Another important topic is privacy. Explain the use of privacy settings, creating strong passwords, and why 2-factor authentication protects against identity theft. Social media can enable strangers to send messages or friend requests to infiltrate your cyber security in Singapore. Teach your child to always ask a parent or adult if they are unsure of who the person is.
Make a social media contract
Teenagers, frustratingly, like to push parental control to the limit as they develop resilience, independence and confidence. This creates an opportunity for your tech-savvy teen to build trust with you and take responsibility for their cyber security in Singapore by signing a real social media contract.
In such a contract, the child agrees to consequences for breaking the terms to protect their privacy, not share personal information, reject contact from strangers, and not use social media accounts to hurt anyone. In turn, parents should agree to trust their kids, monitor their online activities but also respect their privacy and set a good example.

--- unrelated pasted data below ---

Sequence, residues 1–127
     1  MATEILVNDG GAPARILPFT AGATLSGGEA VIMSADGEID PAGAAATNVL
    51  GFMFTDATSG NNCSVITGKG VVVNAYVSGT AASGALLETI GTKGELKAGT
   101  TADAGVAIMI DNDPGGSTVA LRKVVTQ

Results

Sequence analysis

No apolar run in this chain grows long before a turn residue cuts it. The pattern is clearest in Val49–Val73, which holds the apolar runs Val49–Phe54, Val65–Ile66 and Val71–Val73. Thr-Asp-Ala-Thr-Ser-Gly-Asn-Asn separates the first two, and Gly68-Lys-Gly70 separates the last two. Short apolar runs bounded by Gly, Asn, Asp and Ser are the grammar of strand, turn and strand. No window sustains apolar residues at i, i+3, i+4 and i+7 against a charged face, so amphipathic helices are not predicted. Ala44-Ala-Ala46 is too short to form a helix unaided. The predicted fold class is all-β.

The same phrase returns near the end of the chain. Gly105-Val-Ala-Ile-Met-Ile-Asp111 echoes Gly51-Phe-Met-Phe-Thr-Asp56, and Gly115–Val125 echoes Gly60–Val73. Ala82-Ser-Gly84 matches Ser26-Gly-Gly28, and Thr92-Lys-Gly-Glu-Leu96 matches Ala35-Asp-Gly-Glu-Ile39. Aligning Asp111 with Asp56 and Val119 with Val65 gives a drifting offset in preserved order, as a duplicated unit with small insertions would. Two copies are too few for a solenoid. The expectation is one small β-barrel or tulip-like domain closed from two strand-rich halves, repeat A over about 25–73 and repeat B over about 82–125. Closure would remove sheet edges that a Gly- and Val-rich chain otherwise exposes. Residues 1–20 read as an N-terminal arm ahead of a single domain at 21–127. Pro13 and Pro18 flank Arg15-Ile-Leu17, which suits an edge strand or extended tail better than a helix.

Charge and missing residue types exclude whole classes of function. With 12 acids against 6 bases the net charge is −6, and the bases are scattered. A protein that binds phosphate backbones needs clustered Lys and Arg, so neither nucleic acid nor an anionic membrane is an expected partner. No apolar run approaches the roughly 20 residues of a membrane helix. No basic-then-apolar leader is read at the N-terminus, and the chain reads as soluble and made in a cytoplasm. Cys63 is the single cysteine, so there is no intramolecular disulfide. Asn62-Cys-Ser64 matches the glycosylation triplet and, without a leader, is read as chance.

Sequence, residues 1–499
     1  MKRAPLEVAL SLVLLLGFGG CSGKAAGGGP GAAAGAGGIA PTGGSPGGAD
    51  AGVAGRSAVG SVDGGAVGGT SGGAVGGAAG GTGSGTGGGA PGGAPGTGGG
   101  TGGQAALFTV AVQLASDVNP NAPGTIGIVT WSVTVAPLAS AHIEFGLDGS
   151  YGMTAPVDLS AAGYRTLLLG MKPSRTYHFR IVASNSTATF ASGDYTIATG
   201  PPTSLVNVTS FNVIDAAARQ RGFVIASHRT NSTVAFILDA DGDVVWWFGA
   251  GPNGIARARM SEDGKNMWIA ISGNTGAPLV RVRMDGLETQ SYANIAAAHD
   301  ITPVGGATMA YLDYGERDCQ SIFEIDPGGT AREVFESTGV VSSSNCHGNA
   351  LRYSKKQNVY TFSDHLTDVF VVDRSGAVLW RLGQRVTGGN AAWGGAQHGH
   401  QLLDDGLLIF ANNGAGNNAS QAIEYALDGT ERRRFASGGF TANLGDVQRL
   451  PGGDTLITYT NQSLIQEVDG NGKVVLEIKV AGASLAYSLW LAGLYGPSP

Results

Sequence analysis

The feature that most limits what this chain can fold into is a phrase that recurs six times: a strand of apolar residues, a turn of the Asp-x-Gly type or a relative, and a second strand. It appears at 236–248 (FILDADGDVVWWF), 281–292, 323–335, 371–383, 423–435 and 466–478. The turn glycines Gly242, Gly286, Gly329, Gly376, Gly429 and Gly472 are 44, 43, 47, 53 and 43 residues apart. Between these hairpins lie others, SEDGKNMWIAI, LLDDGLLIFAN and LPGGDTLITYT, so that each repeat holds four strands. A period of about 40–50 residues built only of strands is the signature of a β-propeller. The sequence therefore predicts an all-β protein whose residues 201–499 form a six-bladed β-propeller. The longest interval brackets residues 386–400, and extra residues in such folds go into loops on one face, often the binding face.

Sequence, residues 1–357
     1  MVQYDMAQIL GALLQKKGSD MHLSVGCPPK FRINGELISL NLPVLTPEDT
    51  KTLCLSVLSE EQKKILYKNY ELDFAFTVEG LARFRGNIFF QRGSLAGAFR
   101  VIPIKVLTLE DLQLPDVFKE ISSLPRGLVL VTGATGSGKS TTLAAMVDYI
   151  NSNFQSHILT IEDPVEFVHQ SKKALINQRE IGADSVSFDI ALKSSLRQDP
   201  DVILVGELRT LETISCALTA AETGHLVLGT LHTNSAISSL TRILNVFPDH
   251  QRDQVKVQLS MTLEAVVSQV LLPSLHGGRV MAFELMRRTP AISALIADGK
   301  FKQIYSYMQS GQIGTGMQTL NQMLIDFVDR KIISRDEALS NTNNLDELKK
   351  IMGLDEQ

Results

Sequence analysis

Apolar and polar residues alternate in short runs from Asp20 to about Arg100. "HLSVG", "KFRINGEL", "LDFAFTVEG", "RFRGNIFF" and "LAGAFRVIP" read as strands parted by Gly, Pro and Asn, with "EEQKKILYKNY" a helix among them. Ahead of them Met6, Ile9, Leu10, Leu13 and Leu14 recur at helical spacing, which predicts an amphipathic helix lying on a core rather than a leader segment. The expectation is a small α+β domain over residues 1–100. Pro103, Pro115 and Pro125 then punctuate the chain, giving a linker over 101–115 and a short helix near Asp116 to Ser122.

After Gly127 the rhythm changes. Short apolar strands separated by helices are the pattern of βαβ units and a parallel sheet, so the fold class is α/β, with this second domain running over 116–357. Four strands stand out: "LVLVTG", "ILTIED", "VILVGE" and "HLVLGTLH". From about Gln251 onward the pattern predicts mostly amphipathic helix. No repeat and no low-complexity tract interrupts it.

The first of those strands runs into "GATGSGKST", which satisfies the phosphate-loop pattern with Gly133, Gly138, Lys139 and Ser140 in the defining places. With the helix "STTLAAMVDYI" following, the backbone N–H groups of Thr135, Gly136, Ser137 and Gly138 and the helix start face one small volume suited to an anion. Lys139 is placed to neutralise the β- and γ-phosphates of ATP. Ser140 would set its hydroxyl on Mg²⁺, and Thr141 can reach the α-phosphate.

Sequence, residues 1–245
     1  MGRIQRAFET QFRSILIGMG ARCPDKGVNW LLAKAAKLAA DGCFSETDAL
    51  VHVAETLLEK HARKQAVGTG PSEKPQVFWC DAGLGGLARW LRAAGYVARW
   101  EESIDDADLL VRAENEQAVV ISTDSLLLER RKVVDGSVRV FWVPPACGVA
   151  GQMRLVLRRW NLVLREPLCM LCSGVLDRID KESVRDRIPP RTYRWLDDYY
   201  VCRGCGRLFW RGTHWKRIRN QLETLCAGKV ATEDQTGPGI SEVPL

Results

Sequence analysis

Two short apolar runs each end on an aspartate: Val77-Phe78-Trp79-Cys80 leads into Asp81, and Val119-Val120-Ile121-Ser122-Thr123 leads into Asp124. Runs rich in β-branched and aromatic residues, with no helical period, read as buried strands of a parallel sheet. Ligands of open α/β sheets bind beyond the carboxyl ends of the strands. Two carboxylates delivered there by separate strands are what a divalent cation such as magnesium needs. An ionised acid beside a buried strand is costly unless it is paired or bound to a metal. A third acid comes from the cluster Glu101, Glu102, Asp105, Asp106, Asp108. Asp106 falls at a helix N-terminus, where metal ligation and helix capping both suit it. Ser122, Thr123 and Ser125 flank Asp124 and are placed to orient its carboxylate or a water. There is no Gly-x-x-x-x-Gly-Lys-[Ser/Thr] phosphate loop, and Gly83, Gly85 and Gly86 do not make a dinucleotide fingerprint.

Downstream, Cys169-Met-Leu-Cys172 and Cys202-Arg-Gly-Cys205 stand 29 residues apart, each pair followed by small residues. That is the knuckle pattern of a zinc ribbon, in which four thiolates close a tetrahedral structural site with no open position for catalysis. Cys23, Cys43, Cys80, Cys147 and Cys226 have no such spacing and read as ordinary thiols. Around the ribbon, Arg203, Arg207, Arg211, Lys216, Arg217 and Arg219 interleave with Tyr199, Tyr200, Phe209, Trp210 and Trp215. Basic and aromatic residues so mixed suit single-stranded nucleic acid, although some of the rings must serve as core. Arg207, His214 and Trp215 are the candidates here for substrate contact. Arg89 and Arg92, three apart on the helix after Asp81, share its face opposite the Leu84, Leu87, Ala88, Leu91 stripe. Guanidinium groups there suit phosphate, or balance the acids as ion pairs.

Tips for Parents about cyber security in Singapore
#1 Set clear rules and boundaries
Set aside time to negotiate rules and boundaries on internet safety and use these upfront. Consider agreeing on daily time limits on the internet or mobile devices, when kids can surf the web (e.g. after finishing their homework), what they’re allowed to do online and where their devices can be used.
#2 Set up parental controls
As kids grow up, there should be less reliance on parental control apps to help them learn to self-regulate their internet use. However, when they’re young, these apps can usefully restrict content and create time limits for apps and time spent online, enhancing their internet safety.